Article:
Watching the skilled hands of the two artists painting straight clean lines along the old ones, not covering any space but the intended, is impressive. These hands work hundreds of times, laying down those yellow and black sawteeth, every one the same as the next one and the one before. In the never-ending sun.

Right now there's an immediate need for people with rakes and trash bags to clean up the ground at the base of the mural to the street.

Trash and uneven footing not only make for treacherous ground, the hazards add fatigue to working there. With no shade canopy and bad footing, the place is an unmitigated industrial hazard. Back when I was a corporate safety officer, I would have raked a plant manager over the coals for allowing employees to endure these conditions.

Lopez and crew work out of love for the arte, for their community, for this particular mural of indigenous faces and tableaux. The artist is incredibly patient and tolerant of interruption. She's informative and giving in explaining her process to some metiche, as in the video.

Using the existing design and a photograph, Pola explains she starts by black-outlining the contours of thematic elements. Cervantes utilized the black outline technique when he first laid down the story, so the restoration duplicates the process.

After outlining contours, Lopez matches colors and repaints what has faded and re-creates what's been power washed away. This wall weeps, causing constant stress in surface areas covering the weep channels.

La Bloga will be following the process of restoring this mural through completion, then the big dedication. On my next visit, I've promised to drive instead of train, so I can bring some supplies. I'm thinking cold birongas and tacos de nopales con blanquillos.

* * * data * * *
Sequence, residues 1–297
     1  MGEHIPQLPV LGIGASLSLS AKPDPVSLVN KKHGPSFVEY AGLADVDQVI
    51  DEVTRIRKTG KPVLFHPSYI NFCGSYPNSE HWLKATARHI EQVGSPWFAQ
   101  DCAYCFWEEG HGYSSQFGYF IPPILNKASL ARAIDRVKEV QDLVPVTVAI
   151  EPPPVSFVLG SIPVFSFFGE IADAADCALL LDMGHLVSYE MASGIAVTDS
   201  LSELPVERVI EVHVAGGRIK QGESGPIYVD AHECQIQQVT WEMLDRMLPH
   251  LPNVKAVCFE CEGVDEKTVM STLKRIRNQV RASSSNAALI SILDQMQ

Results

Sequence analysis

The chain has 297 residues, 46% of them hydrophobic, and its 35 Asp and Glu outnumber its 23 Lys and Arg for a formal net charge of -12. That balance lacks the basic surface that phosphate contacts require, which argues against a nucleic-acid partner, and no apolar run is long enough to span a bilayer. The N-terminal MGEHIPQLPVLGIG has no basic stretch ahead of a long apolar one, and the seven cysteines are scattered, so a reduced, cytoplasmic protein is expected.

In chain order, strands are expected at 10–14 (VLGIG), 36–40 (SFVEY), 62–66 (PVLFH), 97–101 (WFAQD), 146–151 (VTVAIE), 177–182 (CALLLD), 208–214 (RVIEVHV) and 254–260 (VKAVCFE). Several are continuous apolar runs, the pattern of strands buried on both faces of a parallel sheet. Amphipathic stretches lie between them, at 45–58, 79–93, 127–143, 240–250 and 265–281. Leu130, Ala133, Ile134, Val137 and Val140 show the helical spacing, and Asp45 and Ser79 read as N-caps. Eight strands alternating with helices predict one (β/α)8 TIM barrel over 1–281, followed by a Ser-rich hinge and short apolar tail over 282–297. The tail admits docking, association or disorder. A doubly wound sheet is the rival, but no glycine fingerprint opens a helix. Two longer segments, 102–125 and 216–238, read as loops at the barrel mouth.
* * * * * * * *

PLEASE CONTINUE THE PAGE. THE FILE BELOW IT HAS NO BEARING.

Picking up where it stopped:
Poetry Saturday At Pasadena's Lamanda Park Branch Library

In a Pasadena, California poetry tradition, Don Campbell and J.T. Foster host a Saturday poetry reading. Regularly scheduled for the Santa Catalina branch, the event moves to Lamanda Park branch Saturday afternoon. Today's iteration brought joyous laughter to the stressed-out gente--aren't we all?--and indelibly thoughtful moments.

Maria Elena Fernandez shared a work-in-progress she wrote for Enter the Goddess Portal an exhibition at East L.A.'s Tonalli Studio. The' narrative poem, "So How Was Your Week Last Week?" combines raucous humor with sobering thoughts about surviving what Fernandez calls "the roller coaster ride that was the week after the El Paso shooting." 

Lalo Kikiriki revives the spirit of the sixties, she avers, offering living proof the sixties are still with us, hasta playing a keyboard according in one presentation.

Jerry Garcia and Tanya Hyonhye Ko Hong are masterful readers of their own masterfully crafted lyrical work. Hong reads bilingually in Korean and English. In their own manners, Garcia and Hong command their place in that spotlight with the kind of confidence a poet displays when they know their stuff is really good. Readings like this are a constant reminder that you have to be in the right time and place to experience brilliance. It was there, then it was over. Had to give over the room.